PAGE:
30 November 2018

Stephan Schwartz's The Awakening

 I just finished reading Stephan Schwartz's The Awakening. He's a neuroscientist and sort of latter day Alvin Toffleresqe futurist, who obviously believes, as many of us now do, that human civilization is at a major crossroads as a result of the Climate Catastrophe. Many roads lead to very dire outcomes; a few may lead to a more sustainable world. 

Anyway, there are certain points of congruence in this novel with the science fiction ideas I've been thinking about, although his theories about universal consciousness being eternal and separate from matter and energy are, I think, either a fictional device or (more likely) systematic new agey wishful thinking on his part. As is the mostly tacit assumption that the Saganian view of the prevalence of extraterrestrial intelligence (and even humanoid form) is correct. I am about as sure, speculatively speaking, that this is not the way the world really is, as I am about anything. In my view, complex life is pretty rare, maybe even extremely rare, in the universe (so far; its prevalence has great potential to grow exponentially in the future); contemporaneously existing intelligent civilizations are at least two orders of magnitude rarer still; really long range space travel is essentially impossible; and even long range communication is hobbled by the speed of light, which means that civilizations' intercommunication, when it is even practical at all, is so slow that it can only amount to exchange of histories and broad perspectives. Science, apart from esoterica, is likely to be more a shared background than a frontier. And consciousness arises from, and is limited by, matter and energy, it does not exist apart from and without reference to the limitations of, matter, energy, or, for that matter, spacetime. I know, puritanism in space, not fun at all, etc. But I'm pretty sure these broad points are accurate.

Schwartz's novel is readable, but it's not great literature. One thing that is similar to what I've been thinking about is that it's more or less utopian, a type of literature that has been out of fashion for quite a while.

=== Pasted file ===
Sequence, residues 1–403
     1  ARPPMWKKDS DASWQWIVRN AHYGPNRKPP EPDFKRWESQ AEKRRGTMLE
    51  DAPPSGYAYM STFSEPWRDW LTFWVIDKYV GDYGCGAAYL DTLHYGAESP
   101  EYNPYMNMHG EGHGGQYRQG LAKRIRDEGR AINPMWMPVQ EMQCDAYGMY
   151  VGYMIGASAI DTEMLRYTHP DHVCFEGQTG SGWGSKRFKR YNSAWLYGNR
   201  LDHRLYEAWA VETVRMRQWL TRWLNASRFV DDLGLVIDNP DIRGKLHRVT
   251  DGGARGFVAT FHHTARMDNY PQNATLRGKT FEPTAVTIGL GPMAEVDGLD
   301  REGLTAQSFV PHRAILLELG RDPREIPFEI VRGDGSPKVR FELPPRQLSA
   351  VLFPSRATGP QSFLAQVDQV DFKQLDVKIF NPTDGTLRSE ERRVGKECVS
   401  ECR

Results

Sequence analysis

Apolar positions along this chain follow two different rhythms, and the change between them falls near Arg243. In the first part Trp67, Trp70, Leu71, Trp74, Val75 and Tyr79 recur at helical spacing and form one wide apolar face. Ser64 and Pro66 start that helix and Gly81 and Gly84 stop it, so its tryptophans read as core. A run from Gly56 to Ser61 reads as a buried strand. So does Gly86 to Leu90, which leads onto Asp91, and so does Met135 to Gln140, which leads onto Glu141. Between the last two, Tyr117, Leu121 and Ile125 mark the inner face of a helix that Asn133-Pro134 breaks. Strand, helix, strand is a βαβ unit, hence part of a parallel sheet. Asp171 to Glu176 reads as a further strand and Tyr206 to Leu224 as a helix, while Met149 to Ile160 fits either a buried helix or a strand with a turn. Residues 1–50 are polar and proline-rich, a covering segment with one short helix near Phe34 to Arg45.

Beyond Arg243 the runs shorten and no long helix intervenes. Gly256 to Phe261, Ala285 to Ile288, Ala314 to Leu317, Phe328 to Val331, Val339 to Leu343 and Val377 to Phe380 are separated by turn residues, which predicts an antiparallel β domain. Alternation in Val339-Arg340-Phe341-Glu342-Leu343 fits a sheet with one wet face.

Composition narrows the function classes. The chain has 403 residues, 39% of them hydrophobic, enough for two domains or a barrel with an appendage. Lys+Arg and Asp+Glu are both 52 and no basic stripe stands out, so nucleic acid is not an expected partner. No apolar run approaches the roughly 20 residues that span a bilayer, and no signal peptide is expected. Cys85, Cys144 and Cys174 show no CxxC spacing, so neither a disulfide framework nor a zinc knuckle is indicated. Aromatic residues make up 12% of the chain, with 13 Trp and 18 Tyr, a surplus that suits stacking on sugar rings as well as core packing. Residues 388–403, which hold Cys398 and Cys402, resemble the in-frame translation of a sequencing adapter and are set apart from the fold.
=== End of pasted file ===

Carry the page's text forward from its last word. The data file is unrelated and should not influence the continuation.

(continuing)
Apropos, although you cannot rule out absolutely the possibility that extraterrestrials at some point in the 4,000 million year history of life on Earth have physically visited this planet, Sagan's dictum that "the absence of evidence is not evidence of absence" at some point has to be squared with Occam's razor. I believe that if anything even remotely like the idea were true that there were some thousands of spacefaring civilizations in our galaxy, and they were for whatever zoo hypothesis/prime directive/Galactic primitives non-interference protocol or whatever essentially quarantining our planet, it would amount to the greatest conspiracy theory ever. And thing about conspiracies, is that they are only ever real when they're small scale. Think about it. Large scale secret cabals to keep the truth from the masses are always paranoid fantasies. I can think of no single exception. The fact is that it just isn't possible to keep those kinds of secrets. People tell tales. Things get out. And even on the scale of the cosmic, it's just not believable to me that stealth technology and unity of purpose among the ETs could keep the presence of ET technology perfectly secret for years or centuries. By the same token, if spacefaring cultures really were prevalent, even within my postulated constraints of slower-than-light travel only, within less than a very few million years, it would have been quite feasible for them to have visited and cataloged every single living planet in the galaxy and be working on the Clouds of Magellan and thinking about nearby galaxies M31 and M33. So my conclusion is that, so far, in our still relatively young universe, such technology remains really quite rare.  (In fact, we have no actual evidence that it exists at all, anywhere). Because I just don't see any reason to believe that our planet has been or is being visited by ETs, and I think we've already reached the point in the various SETI strategies that the absence of any evidence has set some quite real constraints on just how common, and how advanced, the technologies of any contemporaneous denizens of our galaxy may be. Notnecessarily none, but few; and none of them have had real spacefaring technology for really long periods of time. Yet